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SEC Charges Pearson $1 Mln For Misleading Investors About Data Breach

British publishing and education company Pearson plc (PSO,PSON.L) agreed with the U.S. Securities and Exchange Commission or SEC to pay $1 million to settle charges for misleading investors about cyber breach.

According to the regulator, the company misled investors about a 2018 cyber intrusion involving the theft of millions of student records, including dates of births and email addresses, and had inadequate disclosure controls and procedures.

Without admitting or denying the SEC's findings, Pearson agreed to cease and desist from committing violations of these provisions and to pay the civil penalty.

In 2018, student data and administrator log-in credentials of 13,000 school, district and university customer accounts were hacked. In a statement, the SEC said its investigation revealed that Pearson did not reveal that breach accurately in public statements, and that it made misleading statements and omissions about the 2018 data breach.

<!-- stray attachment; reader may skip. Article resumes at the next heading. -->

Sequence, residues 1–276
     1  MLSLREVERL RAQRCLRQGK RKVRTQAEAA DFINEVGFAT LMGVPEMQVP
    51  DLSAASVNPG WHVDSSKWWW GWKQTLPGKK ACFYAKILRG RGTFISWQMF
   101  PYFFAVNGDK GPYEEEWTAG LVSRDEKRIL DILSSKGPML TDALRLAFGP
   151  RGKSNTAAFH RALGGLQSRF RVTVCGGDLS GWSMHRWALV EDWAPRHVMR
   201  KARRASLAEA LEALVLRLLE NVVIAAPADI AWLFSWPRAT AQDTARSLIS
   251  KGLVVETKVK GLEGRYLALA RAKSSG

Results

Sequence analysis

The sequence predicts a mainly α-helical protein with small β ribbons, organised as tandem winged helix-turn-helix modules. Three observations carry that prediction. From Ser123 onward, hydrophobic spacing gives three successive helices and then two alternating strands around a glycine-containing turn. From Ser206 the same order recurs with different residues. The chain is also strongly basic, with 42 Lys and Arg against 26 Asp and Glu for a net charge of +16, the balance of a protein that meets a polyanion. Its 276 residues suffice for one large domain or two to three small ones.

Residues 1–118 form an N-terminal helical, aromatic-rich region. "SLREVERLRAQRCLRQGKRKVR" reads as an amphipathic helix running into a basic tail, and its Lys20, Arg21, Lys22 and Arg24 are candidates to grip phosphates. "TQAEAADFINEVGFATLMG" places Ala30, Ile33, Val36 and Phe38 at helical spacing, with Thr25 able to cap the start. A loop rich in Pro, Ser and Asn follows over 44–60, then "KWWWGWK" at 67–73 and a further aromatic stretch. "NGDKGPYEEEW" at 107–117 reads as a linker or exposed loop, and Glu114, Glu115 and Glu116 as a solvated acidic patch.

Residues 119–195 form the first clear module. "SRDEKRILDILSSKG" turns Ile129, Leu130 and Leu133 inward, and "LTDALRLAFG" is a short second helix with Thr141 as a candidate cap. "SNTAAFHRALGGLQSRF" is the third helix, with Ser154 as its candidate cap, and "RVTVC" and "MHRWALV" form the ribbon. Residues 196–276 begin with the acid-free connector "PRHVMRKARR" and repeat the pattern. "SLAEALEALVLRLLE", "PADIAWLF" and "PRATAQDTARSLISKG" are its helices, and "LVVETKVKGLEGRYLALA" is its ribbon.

The SEC noted that Pearson, in its semi-annual report filed in July 2019, referred to a data privacy incident as a hypothetical risk, when, in fact, the 2018 cyber intrusion had already occurred.

In a July 2019 media statement, Pearson stated that the breach may include dates of births and email addresses, when, in fact, it knew that such records were stolen, and that Pearson had "strict protections" in place, when, in fact, it failed to patch the critical vulnerability for six months after it was notified.

The media statement also omitted that hackers had stolen millions of rows of student data and usernames and hashed passwords.

The SEC order also finds that Pearson's disclosure controls and procedures were not designed to ensure that those responsible for making disclosure determinations were informed of certain information about the circumstances surrounding the breach.

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